By George Paulsen, Hood & Strong LLP
Is it time to give your children your vacation home or a rental property you own in California? Proposition 19 that just passed suggests it might be the right time.
In the last election Proposition 19 was voted into law. This new law, effective February 15th 2021, makes significant changes to the old Prop 13 and Proposition 58 that Californians have enjoyed for years. The new law adds some flexibility but pays for it with fewer benefits.
Today the law allows an individual to give their primary residence to children or grandchildren and retain the parents’ tax basis. So if the parents owned a home in California and the assessed value is $200,000 and its value today is $2,000,000 then they give it to their child, she can move in or rent it and retain the parents tax base of $200,000. Thereby continuing to pay the same property taxes that her parents paid.
In addition, if mom and dad had a rental property with an assessed value of $1,000,000 or less but it is worth $10,000,000, they can give that property to their children or grandchildren and they can still retain that low tax base. Therefore, they can avoid reassessment where the property tax could go up to over $110,000 annually.
What Happens Now That Prop 19 Passed?
On February 15th of next year all that changes. After that date only a principal residence qualifies for a reduced property tax rate with caveats. The child or grandchild must use the home as their principal residence and the benefit is limited to the extent that the fair market value does not exceed the assessed value by more than $1,000,000.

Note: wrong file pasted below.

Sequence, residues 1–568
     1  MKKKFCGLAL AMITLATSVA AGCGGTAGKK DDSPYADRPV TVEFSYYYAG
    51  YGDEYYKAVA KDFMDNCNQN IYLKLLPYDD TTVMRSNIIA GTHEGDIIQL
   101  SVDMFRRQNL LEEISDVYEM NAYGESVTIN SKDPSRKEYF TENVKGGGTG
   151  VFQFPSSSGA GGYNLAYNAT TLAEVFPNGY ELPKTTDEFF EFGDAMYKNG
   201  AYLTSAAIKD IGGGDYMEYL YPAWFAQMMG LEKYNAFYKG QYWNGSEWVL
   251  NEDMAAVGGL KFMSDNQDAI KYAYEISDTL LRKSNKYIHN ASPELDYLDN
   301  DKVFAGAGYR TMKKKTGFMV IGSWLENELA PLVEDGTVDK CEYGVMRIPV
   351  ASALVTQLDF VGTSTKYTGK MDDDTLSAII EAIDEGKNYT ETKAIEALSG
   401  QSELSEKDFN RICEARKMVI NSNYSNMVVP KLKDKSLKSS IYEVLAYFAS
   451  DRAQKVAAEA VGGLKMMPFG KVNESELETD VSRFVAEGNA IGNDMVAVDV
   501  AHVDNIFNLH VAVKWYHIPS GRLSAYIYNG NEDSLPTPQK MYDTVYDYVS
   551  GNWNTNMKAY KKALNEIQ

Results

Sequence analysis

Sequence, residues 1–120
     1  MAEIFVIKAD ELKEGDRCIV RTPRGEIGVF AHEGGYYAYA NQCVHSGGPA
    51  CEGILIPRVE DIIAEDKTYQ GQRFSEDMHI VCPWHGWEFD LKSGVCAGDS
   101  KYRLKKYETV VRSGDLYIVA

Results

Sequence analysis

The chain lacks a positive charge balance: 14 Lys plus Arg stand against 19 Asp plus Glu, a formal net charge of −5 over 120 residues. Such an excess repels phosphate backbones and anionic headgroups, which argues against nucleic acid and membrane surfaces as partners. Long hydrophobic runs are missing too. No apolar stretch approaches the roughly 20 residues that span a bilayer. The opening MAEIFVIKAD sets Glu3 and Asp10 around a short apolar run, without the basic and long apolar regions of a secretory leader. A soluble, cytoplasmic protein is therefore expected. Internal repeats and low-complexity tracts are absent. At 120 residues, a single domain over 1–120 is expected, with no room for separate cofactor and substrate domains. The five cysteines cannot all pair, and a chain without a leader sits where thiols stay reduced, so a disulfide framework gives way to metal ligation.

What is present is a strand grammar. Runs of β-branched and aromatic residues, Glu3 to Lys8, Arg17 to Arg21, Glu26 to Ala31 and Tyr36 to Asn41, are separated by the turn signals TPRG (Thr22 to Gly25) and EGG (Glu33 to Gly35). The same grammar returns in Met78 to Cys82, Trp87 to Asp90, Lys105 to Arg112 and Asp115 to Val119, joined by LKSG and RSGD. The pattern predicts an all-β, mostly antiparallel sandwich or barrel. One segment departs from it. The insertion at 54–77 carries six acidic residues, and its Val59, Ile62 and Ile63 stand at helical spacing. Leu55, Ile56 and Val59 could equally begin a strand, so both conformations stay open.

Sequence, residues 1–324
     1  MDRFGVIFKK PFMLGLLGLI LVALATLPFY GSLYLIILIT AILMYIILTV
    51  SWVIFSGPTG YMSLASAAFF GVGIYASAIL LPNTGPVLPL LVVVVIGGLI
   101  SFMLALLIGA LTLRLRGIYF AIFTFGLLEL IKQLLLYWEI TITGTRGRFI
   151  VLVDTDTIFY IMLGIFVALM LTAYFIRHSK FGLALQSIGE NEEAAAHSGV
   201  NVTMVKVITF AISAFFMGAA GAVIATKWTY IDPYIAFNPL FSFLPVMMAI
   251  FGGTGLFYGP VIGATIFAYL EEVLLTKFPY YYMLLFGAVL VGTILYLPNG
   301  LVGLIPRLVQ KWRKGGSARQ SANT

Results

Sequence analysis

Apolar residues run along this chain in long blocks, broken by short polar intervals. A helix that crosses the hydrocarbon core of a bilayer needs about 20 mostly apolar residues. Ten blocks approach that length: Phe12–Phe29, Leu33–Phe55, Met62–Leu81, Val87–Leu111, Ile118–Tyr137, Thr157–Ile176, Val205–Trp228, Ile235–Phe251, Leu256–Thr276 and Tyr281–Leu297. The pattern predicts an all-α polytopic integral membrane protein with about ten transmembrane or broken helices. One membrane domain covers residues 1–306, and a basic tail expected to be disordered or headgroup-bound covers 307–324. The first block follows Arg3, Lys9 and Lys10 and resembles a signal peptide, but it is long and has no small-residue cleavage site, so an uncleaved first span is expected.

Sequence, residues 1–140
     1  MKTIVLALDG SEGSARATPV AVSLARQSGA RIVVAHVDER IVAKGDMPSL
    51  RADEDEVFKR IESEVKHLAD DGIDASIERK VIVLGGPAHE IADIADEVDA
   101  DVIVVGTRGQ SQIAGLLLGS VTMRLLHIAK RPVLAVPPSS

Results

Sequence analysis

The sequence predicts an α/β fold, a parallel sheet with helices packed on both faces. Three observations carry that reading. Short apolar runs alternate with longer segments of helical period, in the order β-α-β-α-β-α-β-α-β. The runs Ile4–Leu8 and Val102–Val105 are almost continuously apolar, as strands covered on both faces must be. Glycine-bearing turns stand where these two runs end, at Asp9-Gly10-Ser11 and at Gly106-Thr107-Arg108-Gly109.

The old law that allowed once in a lifetime transfer of property tax from an old home to a less expensive new home in a qualifying county has been expanded and effective after April 1,2021. This law was not used often because many counties would not allow the transfer. To get this one time transfer you had to be over 55, disabled, or a victim of a natural disaster.
The new law adds flexibility to the Proposition 58 law. Now those qualifying individuals can move up to three times taking their tax base with them and they can transfer it anywhere in the state. This will be very helpful for wildfire victims and retiring people wanting to downsize and move to a smaller community or closer to family.
With these coming changes families have a little time to help their future generations benefit.
Let’s say that grandma has the home she and her husband bought when their children were little with a tax base of $75,000. The family loves the place, and everyone now uses it. Grandma can gift the cabin to her qualifying grandchild or children that is now worth $1,000,000. If done before the new law goes into effect, the property tax bill of say $850 a year will not go up to over $10,000 per year.
Transferring now would allow the family to continue to enjoy the property at a low family cost for years to come. The same would be true for any other property owned in California with low assessed values compared with the current market value today. If the children or qualifying grandchildren intend to retain the property for a long time after the owners passing, the family should consider transferring now.
What Steps Can You Take?
Reach out to us at AEIS, Inc. at Alyssa@AEISAdvisors.com if you would like to be connected with George Paulsen and his team of tax advisors and CPAs at Hood & Strong, LLP to get advice on your situation.
This post was originally published in Hood & Strong’s Newsletter.
Disclaimer: Any information related to compliance or other subject matters in this blog is intended to be informational and does not constitute legal advice regarding any specific situation. The content of this blog is based on the most up-to-date information that was available on the date it was published and could be subject to change. Should you require further assistance or legal advice, please consult a licensed attorney.